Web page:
Featured Golf News
Wildlife Par for this Course
Golfers playing the course on the Hans Merensky Estate in Phaloborwa, South Africa, encounter more than just birdies. They may also run across cheetahs, warthogs, giraffes, elephants, crocodiles, monkeys and other wild and woolly creatures from the nearby Kruger National Park. Contributing to this links menagerie is the Cleveland Private Game Park on the course’s south end.
Built in 1967, the club, 225 miles from Johannesburg, was built in 1967 by the Phalaborwa Mining Company for employees of its copper operation. It was sold to the current owners two years ago, and golfers from around the world are flocking to play the remote but wildlife-rich track. “My wife can join me on the course,” Belgian tourist Arne Secelle told AP reporter John Henry Boudreaux. “I play. She looks for animals. It’s great.”
A twosome from Germany had a similar experience. Martina Gronwald and Adi Van Der Walt said of their round, “We had a big giraffe walking with us the whole way yesterday.”
Not all encounters are so peaceful. “Seven years ago, we had a cheetah kill a pregnant impala on No. 4,” said Leon Pappas, 73, the club’s oldest member and former head pro. “We had to close the whole nine for the day.”
The club’s owners have found the task of keeping animals off the course impossible, so they’ve embraced them. An opening in the perimeter fence lets in antelope and crocodiles, but it’s low enough to discourage elephants and buffalo – who have a nasty knack for destroying greens and just about everything else in their paths – from entering the verdant grounds.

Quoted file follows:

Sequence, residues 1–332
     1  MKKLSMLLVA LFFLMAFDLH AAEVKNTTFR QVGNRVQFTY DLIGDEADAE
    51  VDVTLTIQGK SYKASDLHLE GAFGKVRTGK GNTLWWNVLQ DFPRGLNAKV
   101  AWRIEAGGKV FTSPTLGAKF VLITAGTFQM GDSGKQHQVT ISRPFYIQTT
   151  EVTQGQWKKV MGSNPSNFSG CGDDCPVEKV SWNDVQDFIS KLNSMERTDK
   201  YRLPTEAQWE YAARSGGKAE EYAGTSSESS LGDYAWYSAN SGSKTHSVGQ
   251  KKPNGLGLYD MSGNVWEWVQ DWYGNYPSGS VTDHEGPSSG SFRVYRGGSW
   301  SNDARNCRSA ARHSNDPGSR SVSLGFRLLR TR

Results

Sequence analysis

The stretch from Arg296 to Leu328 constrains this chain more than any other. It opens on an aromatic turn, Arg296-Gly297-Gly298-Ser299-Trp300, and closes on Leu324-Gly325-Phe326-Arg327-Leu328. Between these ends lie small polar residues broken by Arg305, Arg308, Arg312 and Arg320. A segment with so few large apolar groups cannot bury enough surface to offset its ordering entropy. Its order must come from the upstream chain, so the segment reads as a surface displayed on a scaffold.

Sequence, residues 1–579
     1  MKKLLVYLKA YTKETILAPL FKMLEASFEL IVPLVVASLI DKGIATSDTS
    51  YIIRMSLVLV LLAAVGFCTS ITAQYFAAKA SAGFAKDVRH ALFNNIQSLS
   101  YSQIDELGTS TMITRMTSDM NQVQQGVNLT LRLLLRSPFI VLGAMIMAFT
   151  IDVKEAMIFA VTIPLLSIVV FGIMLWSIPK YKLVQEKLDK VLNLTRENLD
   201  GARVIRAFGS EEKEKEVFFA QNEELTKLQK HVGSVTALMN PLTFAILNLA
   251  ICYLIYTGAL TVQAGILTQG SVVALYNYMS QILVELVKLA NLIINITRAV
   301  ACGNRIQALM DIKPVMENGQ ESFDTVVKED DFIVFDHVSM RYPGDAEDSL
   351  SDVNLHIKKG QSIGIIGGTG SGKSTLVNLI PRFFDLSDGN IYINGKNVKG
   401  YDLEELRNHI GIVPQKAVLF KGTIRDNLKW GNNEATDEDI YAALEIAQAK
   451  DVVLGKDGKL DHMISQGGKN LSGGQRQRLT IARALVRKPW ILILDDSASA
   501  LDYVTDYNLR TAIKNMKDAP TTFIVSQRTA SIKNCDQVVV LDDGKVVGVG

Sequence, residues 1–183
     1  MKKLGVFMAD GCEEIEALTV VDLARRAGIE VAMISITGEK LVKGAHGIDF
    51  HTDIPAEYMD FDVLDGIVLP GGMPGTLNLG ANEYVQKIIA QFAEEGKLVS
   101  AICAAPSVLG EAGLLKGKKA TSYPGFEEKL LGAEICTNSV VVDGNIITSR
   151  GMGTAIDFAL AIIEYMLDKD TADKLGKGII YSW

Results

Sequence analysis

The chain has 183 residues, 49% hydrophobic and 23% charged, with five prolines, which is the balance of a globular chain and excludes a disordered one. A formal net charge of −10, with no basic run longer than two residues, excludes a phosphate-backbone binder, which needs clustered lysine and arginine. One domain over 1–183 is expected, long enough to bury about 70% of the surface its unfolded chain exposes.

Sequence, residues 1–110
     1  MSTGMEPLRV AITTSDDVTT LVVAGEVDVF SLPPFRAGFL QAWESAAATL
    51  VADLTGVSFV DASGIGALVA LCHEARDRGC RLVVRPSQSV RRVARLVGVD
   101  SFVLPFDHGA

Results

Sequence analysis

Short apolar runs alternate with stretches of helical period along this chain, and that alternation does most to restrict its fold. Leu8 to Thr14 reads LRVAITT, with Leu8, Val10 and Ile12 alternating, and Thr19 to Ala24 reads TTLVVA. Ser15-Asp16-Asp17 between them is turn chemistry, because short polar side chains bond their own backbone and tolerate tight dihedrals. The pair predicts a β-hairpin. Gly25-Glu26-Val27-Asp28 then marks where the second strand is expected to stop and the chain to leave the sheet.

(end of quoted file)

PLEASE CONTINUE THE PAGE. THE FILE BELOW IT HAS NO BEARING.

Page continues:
Regular golfers have become accustomed to getting up close and personal with exotic fauna on the course. Donover John Wyk, a 17-year-old student, plays the Hans Merensky Estate layout quite often. “A herd of springbok on the fairway is no big deal,” he said.
The only serious clash involving golfer and beast came in 1998, when a German tourist was trampled to death by an elephant after she had frightened the animal with a camera flash. Current head pro Sean Pappas, Leon’s son, intends to make sure that never happens again. “We take extra precautions,” he said. “The tourists’ naivete about big game and predators can put them at risk.”
To make them aware of the potential for danger, Pappas has all golfers sign an indemnity form before they can tee off. Game specialist Greg Austin makes a morning sweep of the 18-hole track’s perimeter to ensure that more dangerous animals haven’t breached the property. Austin’s task is usually pretty easy; it’s hard to miss the tracks – or calling cards – of a four-ton elephant. The massive pachyderms must have a bent for golf: one nearly snapped in two a barrier fence made of steel bars strung with barbed wire and 10,000 volts of electricity.
Some members are a bit miffed at the management’s extra care. “I think they are overly cautious when the see big game,” 20-year member Roelf Duploy grumbled to Boudreaux. His longtime golfing buddy, 40-year member Thys Fourre, said, “We have been playing next to lions and leopards, buffalo and elephants, and nothing has happened.”